X, a scientific research team, is working to improve Project Loon, which is a project it developed four years ago with Google to help provide internet coverage to some of the most remote parts of the Earth. Google wants to accomplish this by using large, technologically advanced balloons.

The balloons, built and designed by Raven Aerostar, are called Super Pressure Balloons. The balloons are as thin as a sandwich bag and are built to follow wind patterns as well as use payload technology. All the while, the balloons are able to be tracked and can deploy a parachute when asked to land.

According to TheNextWeb, X recently discovered a way to send a small group of balloons to an area and have them stay for months at a time. With this breakthrough, Google will not need to use nearly as many balloons as it has in the past.

Before the breakthrough, the balloons all traveled around the earth in a circle. They were designed to ride the wind and if one fell out of place another would come in and replace it. Now, according to Project Loon, they will use 100x times less as many balloons to accomplish even more than before. The use of less balloons will bring down the expense and increase practicality of the project.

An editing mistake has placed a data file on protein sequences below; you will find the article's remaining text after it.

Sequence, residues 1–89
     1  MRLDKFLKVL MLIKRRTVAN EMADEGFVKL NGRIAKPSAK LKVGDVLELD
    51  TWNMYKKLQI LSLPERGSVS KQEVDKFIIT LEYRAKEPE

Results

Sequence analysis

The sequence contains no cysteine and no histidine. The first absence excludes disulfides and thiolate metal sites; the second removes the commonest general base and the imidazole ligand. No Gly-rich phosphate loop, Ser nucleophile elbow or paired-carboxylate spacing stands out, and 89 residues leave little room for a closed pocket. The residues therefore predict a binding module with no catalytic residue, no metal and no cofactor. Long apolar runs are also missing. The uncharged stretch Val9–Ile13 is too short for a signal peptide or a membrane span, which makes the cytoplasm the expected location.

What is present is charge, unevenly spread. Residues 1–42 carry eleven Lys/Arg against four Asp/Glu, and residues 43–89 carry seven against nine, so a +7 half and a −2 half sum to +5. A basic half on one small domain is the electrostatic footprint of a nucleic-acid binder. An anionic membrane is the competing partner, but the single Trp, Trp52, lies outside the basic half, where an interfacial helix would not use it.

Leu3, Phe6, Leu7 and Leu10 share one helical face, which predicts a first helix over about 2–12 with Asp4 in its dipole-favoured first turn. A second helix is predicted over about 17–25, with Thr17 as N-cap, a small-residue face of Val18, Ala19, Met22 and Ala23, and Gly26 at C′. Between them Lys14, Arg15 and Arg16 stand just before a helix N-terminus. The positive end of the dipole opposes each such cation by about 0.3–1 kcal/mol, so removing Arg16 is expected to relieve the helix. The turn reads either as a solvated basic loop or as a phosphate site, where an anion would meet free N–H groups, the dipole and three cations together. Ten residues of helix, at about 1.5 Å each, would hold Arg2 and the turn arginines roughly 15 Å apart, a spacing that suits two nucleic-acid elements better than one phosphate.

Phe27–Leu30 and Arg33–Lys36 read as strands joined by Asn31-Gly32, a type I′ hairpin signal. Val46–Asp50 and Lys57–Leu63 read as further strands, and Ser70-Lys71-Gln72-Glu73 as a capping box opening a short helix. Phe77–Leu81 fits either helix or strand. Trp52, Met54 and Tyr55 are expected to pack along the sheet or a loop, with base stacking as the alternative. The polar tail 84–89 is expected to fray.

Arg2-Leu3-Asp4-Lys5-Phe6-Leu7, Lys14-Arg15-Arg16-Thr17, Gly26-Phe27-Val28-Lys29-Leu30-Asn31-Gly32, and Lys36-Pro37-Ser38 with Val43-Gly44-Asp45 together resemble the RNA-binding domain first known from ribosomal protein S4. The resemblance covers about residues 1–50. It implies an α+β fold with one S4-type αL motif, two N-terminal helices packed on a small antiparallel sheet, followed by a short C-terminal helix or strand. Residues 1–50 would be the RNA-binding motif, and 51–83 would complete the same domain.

More of half of the world’s population does not have access to internet. With this in mind, Google and X created the balloons to receive high-speed internet from Google’s telecommunication partner on the ground. The balloons would then relay it back to people on the ground. Google has been able to transmit data between balloons more than 100 km apart. They have provided data with speeds up to 10 Mbps to LTE phones all over the world. They have run more than 19 million km of test runs in hopes of solving any problems.

Durability of the balloons has been an issue. Due to the balloons floating 12 miles above earth, they experience harsh weather and often ruin. The record survival rate of a Super Pressure Balloon is 190 days. This balloon was able to circle the globe nine times and successfully land in Argentina. According to the Project Loon website, Google has built auto launchers that can consistently launch a new balloon every 30 minutes.